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Business Formation

If one is forming a business, there are many important and legally complex issues that must be considered. The attorneys at Abramson and Rand can help you navigate these issues and set up the business that fits your particular needs. One of the most common issues in forming a business is what type of entity is appropriate for tax and liability purposes. This decision is often critical to the success of a business venture.  Below is a summary of the various different types of business entities, how they are formed, and the tax implications.

Type of Organization Owners Formation Taxes
Sole Proprietorship 1 Single Owner No filing required Single Taxation of the owner's personal income
General Partnership 2 or more No formal filing requirement

Single Taxation of partner's income

Pass Through

Limited Partnership 2 or more partners with at least 1 General partner (GP) AND 1 Limited partner (LP) Must file a Certificate of Limited Partnership pursuant to Md. § 10-210.

Single Taxation of partner's personal income

Pass Through

Corporation At least 1 Shareholder Must file Articles of Incorporation pursuant to Md. § 2-104.

C Corp (publicly traded): Double Taxation: corp’s income and on the distribution

S Corp (closely held limited to 100 shareholders): Single Taxation on distribution

Limited Liability Corporation (LLC) 1 Person called a member Must file Articles of Organizations Single Taxation on the owner's personal income
Limited Liability Partnership (LLP) 2 or more partners Must file a Certificate of Limited Liability Single level Taxation at partner's personal income

Limited Liability

Limited Partnership (LLLP)

2 or more partners Must file a Certificate of Limited Liability  Single level Taxation at partner's personal income

 

It would exhaustive in this overview to outline the advantages and disadvantages of each business entity, but certainly each one has tax and protection benefits. Too often people make rash decisions about business formation and, unfortunately, those decisions can lead to dramatic and harmful consequences. For that reason, a client should not come into our office with a pre-conceived notion of what business entity is appropriate. Instead, it is important to allow the attorney to assist you in evaluating the nature of your business and what business entity is the best fit.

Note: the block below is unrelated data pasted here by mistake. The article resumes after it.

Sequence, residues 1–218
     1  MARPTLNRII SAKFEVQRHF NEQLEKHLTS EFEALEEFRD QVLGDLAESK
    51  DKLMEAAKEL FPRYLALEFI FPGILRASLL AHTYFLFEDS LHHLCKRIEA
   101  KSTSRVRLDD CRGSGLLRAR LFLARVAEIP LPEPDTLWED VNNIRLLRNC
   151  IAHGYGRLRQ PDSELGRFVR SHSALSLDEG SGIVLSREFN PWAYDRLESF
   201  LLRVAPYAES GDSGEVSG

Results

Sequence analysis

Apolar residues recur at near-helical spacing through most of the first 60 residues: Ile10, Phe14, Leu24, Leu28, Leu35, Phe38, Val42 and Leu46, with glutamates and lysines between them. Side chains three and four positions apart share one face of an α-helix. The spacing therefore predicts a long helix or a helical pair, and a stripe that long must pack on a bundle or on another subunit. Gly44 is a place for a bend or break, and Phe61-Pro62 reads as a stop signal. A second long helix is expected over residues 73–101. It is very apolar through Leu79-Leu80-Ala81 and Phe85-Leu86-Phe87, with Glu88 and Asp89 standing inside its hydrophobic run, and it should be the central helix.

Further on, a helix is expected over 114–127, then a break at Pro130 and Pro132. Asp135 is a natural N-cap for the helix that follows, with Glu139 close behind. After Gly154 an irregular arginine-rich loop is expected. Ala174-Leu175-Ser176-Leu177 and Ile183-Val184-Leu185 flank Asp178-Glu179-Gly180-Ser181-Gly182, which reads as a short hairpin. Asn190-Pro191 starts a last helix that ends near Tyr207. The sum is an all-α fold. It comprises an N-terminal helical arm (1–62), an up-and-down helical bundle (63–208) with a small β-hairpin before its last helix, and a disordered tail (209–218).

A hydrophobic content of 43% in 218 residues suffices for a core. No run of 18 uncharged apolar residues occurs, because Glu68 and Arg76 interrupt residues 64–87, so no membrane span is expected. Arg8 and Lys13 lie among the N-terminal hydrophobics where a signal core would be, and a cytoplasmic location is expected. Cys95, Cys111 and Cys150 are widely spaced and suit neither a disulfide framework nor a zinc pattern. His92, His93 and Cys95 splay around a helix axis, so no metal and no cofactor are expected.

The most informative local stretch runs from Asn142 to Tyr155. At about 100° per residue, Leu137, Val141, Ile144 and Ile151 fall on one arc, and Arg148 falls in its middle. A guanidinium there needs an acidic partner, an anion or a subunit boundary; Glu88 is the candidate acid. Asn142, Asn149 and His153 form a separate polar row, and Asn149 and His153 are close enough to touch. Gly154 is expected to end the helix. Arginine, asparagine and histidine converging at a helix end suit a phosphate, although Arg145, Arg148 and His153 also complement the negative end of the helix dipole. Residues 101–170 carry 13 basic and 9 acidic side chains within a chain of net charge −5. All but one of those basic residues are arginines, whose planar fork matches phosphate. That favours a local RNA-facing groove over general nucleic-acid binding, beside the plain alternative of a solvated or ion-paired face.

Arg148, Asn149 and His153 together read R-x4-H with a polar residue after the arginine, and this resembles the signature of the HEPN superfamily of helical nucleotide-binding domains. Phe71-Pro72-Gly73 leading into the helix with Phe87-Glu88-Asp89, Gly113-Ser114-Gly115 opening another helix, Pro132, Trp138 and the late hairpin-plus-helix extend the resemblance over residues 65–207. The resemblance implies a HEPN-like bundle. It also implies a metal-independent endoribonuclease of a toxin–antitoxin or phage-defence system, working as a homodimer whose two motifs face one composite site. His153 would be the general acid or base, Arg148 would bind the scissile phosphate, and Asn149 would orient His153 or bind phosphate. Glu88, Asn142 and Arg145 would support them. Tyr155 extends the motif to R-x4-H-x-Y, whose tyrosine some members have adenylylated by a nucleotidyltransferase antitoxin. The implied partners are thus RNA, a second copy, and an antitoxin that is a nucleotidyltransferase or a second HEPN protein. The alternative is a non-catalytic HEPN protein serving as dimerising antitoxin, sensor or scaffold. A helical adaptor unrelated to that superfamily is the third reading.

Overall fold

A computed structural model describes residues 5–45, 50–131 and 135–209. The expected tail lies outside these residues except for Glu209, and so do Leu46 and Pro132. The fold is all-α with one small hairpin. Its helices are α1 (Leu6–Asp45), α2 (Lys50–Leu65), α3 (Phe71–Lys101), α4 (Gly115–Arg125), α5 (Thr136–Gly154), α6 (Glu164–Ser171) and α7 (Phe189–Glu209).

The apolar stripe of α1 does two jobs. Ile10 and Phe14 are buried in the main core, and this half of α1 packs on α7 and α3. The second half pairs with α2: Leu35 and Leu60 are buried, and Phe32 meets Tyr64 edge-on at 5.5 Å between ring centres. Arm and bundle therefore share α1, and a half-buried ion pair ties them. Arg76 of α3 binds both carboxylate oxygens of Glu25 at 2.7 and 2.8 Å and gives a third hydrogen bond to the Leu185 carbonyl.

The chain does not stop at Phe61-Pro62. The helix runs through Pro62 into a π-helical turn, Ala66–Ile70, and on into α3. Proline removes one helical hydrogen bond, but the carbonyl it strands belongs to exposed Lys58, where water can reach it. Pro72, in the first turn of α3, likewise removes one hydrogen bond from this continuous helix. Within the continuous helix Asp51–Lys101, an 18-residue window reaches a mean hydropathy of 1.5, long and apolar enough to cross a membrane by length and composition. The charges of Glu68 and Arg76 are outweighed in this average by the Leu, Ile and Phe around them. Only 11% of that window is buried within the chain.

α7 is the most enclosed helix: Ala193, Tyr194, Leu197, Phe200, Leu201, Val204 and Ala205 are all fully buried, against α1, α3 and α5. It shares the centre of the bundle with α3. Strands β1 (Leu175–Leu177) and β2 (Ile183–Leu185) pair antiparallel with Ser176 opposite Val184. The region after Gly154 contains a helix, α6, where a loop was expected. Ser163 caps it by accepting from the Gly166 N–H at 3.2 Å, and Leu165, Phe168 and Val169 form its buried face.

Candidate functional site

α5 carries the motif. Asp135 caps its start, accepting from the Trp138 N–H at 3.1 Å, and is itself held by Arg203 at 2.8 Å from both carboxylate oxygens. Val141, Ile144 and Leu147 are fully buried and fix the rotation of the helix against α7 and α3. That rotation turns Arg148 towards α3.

In order to determine which entity is best under your particular circumstance, the following questions must be considered:

  1. What happens upon death of one of the parties?
  2. What if one wants to buy out the other’s interest?
  3. What if the venture is not profitable and one wants to leave?
  4. How would a lawsuit against one party affect the business entity?
  5. How does one allow others to buy into the venture?
  6. What if the entity committed some negligence, how would this affect the individuals?
  7. How are the profits distributed?
  8. Should there be a manager who is paid to manage the entity?
  9. How are decisions made as to distributions of capital or profit?
  10. What if one party has less money to contribute than the other(s)?
  11. What is the arrangement if one party has the idea or talent and the other(s) has the capital?
  12. Can a party loan money from or to the entity?
  13. Would one party be responsible for the actions and decisions of the other?
  14. How does the entity terminate; what is its life
  15. Who shall decide what other business areas the entity should be involved in?
  16. What is the remedy if one is producing more product or capital than the other?
  17. Who has the power to write the checks, and are limits on this power?
  18. Can one make purchases without the consent of the other?
  19. What if one files for bankruptcy?
  20. Are the profits of the entity fully taxable?
  21. What depreciation schedule should be applied to the assets of the entity?
  22. Who chooses the accountant or the attorney for the entity?

 

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